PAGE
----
FC: Privacilla's Jim Harper replies to pro-regulation privacy study

From: Declan McCullagh (declanat_private)
Date: Wed Mar 27 2002 - 06:43:35 PST

  • Next message: Declan McCullagh: "FC: Free-market economist replies to Robert Gellman privacy paper"

    [Jim Harper has worked on at least one free-market privacy paper that has 
    made the rounds in DC. If Robert Gellman would like to reply, I'd be happy 
    to turn this into an impromptu debate. Previous message: 
    http://www.politechbot.com/p-03307.html --Declan]
    From: "Jim Harper - Privacilla.org" <jim.harperat_private>
    To: <declanat_private>
    Cc: <rgellmanat_private>
    Subject: Re: No broad U.S. privacy laws costs "tens of billions," study says
    Date: Wed, 27 Mar 2002 09:22:01 -0500
    By my cursory review, Gellman's piece is true to form in the privacy debate,
    but it represents progress.
    The progress is that the paper admits: "Privacy is an elusive, value-laden
    concept, and it is hard to reach consensus on a definition."  Alas, that's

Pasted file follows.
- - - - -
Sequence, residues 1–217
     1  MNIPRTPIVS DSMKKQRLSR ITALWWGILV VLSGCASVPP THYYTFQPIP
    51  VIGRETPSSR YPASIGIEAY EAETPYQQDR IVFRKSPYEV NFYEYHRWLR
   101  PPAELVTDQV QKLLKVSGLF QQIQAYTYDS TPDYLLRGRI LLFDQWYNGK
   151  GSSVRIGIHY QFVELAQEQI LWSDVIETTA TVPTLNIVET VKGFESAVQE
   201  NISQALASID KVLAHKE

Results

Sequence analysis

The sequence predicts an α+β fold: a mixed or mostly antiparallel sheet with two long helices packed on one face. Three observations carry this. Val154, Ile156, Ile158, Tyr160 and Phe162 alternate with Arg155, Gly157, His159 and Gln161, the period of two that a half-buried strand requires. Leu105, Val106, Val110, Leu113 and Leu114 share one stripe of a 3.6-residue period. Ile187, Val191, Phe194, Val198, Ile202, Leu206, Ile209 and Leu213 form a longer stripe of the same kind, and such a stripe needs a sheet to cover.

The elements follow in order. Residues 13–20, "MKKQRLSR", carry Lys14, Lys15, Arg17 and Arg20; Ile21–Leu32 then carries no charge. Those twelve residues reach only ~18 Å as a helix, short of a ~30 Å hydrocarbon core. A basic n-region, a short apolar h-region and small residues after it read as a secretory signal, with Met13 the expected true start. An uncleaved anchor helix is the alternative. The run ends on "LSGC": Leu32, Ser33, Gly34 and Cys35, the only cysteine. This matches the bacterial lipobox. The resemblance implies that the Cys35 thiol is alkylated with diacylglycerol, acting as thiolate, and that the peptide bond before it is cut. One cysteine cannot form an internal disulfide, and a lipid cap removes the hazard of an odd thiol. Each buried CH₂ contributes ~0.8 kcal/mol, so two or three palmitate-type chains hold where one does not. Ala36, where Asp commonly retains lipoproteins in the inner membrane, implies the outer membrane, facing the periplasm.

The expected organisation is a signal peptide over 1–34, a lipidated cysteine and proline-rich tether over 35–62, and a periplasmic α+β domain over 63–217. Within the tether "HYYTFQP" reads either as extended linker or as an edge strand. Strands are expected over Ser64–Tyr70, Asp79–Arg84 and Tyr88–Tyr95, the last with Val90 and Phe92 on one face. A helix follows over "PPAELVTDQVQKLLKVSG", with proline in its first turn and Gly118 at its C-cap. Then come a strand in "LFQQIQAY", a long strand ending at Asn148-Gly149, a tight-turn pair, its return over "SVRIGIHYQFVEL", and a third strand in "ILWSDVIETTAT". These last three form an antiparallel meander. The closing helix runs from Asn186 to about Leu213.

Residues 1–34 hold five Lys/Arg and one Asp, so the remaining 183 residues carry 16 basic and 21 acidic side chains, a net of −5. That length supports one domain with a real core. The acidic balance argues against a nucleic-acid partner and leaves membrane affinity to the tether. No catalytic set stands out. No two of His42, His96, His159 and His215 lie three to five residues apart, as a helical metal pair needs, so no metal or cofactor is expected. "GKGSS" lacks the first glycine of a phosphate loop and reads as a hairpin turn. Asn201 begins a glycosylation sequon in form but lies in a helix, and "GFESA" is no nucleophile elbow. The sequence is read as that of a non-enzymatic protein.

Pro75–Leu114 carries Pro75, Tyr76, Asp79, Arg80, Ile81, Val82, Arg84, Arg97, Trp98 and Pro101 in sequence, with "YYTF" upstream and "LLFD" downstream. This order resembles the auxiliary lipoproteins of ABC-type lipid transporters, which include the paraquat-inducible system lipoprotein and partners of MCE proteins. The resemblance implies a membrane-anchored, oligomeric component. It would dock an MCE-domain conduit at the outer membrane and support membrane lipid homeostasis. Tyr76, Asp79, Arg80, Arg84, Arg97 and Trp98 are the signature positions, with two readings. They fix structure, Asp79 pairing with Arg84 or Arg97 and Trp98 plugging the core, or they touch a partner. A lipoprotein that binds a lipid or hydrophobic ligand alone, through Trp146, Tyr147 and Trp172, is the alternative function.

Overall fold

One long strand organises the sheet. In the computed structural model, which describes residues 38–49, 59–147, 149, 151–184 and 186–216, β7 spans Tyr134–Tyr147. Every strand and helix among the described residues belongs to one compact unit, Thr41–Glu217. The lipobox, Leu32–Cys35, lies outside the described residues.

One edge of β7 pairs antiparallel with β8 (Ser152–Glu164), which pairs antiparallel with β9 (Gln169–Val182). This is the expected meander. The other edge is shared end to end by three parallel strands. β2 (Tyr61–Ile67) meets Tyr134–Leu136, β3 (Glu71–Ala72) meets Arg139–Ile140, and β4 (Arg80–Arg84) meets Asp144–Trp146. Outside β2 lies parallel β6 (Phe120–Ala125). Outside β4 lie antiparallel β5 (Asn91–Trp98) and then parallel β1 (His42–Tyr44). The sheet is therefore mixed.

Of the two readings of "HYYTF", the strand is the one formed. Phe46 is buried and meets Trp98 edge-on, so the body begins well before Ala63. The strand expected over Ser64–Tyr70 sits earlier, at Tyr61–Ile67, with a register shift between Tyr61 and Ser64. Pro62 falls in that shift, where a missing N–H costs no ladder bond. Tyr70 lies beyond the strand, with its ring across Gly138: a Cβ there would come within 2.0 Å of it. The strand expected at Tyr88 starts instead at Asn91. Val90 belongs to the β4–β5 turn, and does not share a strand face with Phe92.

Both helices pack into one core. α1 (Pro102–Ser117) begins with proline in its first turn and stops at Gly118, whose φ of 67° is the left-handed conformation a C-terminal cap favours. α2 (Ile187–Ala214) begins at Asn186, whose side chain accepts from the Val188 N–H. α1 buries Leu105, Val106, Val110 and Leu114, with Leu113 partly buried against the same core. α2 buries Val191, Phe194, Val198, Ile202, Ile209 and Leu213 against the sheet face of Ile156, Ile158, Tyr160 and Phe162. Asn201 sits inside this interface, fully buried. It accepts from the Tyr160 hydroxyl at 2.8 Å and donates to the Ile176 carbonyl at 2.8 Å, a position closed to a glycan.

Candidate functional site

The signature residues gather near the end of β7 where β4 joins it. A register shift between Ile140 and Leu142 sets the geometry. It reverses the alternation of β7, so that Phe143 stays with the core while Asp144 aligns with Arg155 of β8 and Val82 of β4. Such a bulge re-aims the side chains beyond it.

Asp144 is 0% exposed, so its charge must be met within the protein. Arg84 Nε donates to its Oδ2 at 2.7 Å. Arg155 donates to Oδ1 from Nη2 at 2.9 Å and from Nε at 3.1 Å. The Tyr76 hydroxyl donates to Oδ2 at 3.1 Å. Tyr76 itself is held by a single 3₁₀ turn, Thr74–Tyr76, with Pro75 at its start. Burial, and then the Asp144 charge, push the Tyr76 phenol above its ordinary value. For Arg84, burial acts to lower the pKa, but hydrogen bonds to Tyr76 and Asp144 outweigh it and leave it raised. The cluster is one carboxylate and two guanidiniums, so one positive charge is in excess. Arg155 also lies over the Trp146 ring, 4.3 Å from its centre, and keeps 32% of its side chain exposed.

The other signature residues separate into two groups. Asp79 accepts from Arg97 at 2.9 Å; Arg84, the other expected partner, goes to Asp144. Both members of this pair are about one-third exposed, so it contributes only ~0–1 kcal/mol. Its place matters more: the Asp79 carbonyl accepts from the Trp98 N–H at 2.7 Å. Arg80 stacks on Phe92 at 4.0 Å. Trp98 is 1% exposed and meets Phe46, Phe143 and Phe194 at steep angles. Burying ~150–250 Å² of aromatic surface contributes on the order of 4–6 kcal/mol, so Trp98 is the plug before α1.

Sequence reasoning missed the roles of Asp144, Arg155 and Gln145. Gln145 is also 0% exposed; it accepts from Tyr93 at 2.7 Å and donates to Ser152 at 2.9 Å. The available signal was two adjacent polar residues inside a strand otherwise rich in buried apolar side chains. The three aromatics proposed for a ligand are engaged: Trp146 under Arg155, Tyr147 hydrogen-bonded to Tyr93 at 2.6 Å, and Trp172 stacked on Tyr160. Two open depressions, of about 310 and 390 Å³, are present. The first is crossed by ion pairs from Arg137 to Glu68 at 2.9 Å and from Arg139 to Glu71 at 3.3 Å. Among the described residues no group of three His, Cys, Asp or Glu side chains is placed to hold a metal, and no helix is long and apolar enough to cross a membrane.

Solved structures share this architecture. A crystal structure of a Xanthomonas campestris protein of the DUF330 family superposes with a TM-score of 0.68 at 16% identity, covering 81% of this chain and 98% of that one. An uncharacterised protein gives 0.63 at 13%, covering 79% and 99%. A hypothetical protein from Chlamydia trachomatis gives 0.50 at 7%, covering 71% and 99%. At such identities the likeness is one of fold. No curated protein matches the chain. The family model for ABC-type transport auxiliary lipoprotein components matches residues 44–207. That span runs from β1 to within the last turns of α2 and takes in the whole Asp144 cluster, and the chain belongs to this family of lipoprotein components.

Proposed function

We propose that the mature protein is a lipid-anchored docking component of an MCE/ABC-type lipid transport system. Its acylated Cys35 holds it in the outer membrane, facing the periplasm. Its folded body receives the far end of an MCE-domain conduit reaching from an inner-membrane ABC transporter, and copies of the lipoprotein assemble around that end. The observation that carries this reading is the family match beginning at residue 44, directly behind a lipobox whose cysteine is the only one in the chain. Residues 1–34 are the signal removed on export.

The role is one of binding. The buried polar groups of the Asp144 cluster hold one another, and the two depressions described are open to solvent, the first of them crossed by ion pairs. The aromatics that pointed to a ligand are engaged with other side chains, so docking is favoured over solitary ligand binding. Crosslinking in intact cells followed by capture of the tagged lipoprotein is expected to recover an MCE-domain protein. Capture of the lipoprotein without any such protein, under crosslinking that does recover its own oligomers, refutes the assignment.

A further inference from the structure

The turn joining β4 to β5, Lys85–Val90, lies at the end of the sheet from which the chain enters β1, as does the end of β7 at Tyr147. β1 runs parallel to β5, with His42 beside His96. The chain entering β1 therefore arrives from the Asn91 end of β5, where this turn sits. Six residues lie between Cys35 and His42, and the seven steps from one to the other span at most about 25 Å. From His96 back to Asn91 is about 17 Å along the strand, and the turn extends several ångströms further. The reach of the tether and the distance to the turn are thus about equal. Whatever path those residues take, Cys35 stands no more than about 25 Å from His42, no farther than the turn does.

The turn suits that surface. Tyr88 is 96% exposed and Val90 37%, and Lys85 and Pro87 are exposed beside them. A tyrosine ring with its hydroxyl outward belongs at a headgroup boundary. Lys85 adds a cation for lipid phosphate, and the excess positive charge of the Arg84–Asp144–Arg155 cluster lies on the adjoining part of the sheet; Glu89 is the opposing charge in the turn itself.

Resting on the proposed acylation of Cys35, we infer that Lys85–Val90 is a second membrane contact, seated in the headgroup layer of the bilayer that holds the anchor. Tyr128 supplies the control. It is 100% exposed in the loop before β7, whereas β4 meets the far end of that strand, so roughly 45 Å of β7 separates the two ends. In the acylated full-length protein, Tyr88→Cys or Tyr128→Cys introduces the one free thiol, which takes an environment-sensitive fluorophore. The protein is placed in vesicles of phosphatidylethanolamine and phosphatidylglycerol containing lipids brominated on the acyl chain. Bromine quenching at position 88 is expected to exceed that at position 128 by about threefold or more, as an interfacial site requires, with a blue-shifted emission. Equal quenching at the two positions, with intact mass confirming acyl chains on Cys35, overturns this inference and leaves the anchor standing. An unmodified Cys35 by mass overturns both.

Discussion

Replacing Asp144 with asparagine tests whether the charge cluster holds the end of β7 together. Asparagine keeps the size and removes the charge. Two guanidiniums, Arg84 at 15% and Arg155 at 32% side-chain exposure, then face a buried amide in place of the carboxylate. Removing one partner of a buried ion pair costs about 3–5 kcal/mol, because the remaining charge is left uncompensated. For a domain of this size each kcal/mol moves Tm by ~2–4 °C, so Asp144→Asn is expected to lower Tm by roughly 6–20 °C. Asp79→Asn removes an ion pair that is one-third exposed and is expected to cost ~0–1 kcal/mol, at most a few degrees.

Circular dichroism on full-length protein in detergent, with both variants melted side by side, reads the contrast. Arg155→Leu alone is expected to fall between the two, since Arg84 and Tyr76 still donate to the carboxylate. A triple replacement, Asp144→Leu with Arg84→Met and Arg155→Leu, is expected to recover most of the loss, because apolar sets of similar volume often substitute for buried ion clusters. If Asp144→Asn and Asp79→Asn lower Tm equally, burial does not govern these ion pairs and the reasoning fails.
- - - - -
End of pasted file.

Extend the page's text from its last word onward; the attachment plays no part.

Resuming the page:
where the progress ends: Gellman adopts the consensus (now reaching eight
    bullet-point "principles") of European bureaucrats and Washington's
    pro-regulation advocates, then argues from there.
    A unique new argument: NOT participating in a frequent shopper program COSTS
    money.   I think most people regard participating in a frequent shopper
    program as saving money (monetizing the value of personal information about
    themselves), but Gellman's baseline appears to be that people should get
    something for nothing.
    The paper rehashes identity fraud (a crime problem) and junk mail,
    telemarketing, and spam (inconveniences premised on merchants NOT knowing
    information about would-be customers); and, of course, it incoherently
    infers support for regulating the private sector to protect against
    (genuine) threat from governments.
    This is probably timed to coattail on press given to the Progress & Freedom
    Foundation study being released today showing that privacy policies are
    pretty much ubiquitous on mainstream commercial Web sites --- meaning
    consumers are in the driver's seat.  (For the regulation advocates, this
    means it's time to move the goalposts.  ;-)
    Of course, my market perspective will appear to be the "business"
    perspective to people trapped in a 60's-radical kind of "business vs.
    consumers" paradigm . . . .
    Jim Harper
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